Students learn to de-stress

Jan 222007
Authors: Amy Robinson

Although a ticking clock is not the most threatening sound in the world, college students facing a deadline may think otherwise.

Seventy-five to 90 percent of all visits to primary care physicians are for stress-related complaints or disorders, according to findings with the American Institute of Stress.

Veronica Rivera is well aware of the pressure accompanying a busy schedule. The 29-year-old started her master’s program at CSU in Fall 2003. She is currently working towards her Ph.D. in education and human development and family studies.

Rivera is originally from El Salvador and moved to Colorado to complete her education with the aid of a scholarship.

“I had mixed feelings about moving away from my family, but I was happy about the opportunity,” she said.

Since moving to Fort Collins, Rivera has taken on a variety of responsibilities. She has an internship at the Monfort Children’s Clinic, works as a community coordinator for International House and attends CSU.

“I have a positive attitude and it helps me not feel overwhelmed,” Rivera said. “I have a planner and I always use it.”

The future therapist provided several tips for students struggling with time management.

“I allow myself 15 to 30 minutes between activities,” she said. “I walk or take a break and drink coffee. I have learned to prioritize and make a lists of projects.”

Rivera utilizes open communication skills with her professors, helping reduce stress levels.

“I keep in touch with professors and supervisors. I let them know I have a busy schedule,” she said.

Having a good relationship with colleagues allows Rivera to approach them more easily if a problem comes up or she needs the support.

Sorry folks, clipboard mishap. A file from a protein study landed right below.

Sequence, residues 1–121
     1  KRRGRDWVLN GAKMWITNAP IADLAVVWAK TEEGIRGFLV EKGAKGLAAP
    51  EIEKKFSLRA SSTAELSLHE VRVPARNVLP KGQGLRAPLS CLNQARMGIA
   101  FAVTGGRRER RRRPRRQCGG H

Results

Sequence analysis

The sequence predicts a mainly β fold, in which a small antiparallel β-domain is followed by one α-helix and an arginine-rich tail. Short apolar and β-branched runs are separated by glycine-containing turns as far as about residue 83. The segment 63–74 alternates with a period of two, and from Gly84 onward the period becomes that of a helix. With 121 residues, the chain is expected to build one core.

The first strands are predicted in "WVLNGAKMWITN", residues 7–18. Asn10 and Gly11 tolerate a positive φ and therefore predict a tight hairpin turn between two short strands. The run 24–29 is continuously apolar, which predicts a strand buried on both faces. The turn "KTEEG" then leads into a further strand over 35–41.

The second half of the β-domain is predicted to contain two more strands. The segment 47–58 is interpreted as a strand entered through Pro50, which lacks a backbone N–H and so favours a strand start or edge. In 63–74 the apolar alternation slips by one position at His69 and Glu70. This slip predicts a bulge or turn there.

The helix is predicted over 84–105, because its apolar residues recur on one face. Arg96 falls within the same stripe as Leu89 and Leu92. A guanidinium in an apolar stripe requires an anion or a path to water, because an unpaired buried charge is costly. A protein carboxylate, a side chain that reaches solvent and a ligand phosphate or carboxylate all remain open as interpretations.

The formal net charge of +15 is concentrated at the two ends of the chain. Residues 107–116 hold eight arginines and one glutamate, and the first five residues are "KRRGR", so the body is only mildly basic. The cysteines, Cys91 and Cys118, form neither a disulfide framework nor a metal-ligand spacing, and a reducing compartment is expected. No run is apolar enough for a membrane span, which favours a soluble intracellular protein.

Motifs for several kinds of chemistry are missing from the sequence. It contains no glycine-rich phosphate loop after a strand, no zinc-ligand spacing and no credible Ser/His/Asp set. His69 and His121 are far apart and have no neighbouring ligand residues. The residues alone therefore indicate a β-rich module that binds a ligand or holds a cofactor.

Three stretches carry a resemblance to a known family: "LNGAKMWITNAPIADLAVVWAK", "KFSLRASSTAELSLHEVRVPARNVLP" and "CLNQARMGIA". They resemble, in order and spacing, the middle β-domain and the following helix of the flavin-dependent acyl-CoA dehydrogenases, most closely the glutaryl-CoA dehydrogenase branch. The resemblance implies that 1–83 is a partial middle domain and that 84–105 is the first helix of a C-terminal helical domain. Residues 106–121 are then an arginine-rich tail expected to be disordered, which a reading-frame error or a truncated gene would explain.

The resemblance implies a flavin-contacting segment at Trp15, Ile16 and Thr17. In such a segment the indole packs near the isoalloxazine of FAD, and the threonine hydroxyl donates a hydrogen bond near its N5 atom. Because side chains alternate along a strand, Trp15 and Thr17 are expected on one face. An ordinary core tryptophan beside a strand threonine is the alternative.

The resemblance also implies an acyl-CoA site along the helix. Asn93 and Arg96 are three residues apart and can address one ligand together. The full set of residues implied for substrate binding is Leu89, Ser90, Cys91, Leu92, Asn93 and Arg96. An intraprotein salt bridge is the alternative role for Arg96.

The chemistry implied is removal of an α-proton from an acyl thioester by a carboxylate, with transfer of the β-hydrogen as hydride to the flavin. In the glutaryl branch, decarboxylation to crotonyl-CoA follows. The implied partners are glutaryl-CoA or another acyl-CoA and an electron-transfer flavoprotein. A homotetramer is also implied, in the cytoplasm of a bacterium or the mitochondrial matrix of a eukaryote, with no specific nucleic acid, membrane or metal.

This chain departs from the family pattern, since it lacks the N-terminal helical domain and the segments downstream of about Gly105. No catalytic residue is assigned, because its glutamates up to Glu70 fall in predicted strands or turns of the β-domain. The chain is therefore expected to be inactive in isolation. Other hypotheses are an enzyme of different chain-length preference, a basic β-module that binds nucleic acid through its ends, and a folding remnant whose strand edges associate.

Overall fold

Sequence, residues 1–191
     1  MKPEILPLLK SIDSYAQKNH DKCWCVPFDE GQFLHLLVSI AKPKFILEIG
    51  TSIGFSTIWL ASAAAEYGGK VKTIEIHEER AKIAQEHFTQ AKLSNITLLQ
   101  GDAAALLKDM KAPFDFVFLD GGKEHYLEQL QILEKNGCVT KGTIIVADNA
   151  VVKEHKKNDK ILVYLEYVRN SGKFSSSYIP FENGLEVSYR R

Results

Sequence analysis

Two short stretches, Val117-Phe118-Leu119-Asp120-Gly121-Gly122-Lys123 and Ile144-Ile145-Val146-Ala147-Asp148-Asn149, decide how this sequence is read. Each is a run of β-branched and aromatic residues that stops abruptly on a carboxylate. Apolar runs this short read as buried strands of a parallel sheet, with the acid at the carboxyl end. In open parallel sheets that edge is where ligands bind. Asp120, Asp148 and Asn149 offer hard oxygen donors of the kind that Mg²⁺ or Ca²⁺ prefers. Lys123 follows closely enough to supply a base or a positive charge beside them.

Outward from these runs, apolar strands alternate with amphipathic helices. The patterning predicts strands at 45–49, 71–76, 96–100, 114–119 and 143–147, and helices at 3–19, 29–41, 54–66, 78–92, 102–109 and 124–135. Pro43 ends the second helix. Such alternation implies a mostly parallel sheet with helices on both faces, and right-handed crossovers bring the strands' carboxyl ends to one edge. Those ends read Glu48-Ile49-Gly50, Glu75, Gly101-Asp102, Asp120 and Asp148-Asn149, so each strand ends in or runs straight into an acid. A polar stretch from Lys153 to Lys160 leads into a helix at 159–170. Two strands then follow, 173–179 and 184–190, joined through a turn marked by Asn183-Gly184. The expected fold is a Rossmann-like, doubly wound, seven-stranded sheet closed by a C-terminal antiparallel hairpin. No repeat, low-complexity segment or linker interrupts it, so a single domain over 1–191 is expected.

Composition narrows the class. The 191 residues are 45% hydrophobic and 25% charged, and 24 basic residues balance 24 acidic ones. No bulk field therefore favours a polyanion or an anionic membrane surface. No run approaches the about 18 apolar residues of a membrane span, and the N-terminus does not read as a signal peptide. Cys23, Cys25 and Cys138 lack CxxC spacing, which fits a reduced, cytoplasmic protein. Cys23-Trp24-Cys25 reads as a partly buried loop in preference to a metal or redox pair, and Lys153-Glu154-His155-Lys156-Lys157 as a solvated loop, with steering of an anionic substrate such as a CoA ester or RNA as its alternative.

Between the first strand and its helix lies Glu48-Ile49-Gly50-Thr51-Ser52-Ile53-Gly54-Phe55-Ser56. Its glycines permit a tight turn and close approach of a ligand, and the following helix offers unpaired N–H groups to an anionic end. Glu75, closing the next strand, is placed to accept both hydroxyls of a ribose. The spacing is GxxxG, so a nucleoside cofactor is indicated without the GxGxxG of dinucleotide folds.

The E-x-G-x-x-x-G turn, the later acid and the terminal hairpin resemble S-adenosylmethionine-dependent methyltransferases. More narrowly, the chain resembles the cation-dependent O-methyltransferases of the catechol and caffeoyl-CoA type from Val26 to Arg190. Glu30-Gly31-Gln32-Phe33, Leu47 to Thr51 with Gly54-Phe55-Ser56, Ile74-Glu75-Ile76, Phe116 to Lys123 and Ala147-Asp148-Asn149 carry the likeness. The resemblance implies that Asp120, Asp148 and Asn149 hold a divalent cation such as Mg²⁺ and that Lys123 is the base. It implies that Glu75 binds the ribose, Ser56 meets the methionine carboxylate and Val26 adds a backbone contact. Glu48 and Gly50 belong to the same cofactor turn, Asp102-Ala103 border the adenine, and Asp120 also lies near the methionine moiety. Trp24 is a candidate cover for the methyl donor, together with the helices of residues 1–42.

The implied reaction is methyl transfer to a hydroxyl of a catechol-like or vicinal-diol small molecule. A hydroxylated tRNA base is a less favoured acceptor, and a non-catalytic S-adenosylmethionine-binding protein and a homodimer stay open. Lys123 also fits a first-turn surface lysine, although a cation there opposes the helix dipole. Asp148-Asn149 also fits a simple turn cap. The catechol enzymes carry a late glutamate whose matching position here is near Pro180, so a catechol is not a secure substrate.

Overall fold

“Try not to overbook yourself,” Rivera added. “Do the best you can. Finishing some things is an accomplishment. Keep things simple and manageable.”

To help her relax and clear her mind, Rivera does breathing exercises and meditation.

While Rivera chooses to focus on a few activities and not being overwhelmed, Edwin Moshia has a different way of handling stress.

Moshia, who is earning his degree in precision agriculture, said he enjoys multi-tasking. In fact, the South African native began writing a book the end of spring semester last year.

“‘African Village Boy’ took me four months to write,” he said. “It was a planned thing. (While writing the book) I switched between reviewing literature and studying academic style.”

The Fulbright scholar is already working on his next book about HIV, youth and the South African government. He also is complying a series of poems.

Moshia is also in charge of an AIDS awareness organization and strives to empower youth.

“You can change someone’s life through communicating,” he said. “I motivate myself. Nothing can stand between me and my destiny.”

He added that the mind is the key when attempting to accomplish goals and a positive attitude helps.

“When I was in South Africa, I was a big fish in a small tank,” Moshia said. “When I came to America, I realized there were sharks among the fishes.”

Despite the challenge of being in another country, he said he appreciates the opportunity. Moshia spends many hours in the library doing research.

“I am proud to say I studied in America,” he said. “I can do a lot for my country (South Africa). “Through talking and sharing my stories, I can help other people by motivating and informing them.”

For more information about time management and how to avoid stress visit or stop by the Wellness Zone, located in the Lory Student Center. Or call the University Counseling Center at 491-6053 to find out about the Stress Management Program. The center, located in C10 of the Clark Building, is open from 8 a.m. to 5 p.m.

Staff writer Amy Robinson can be reached at

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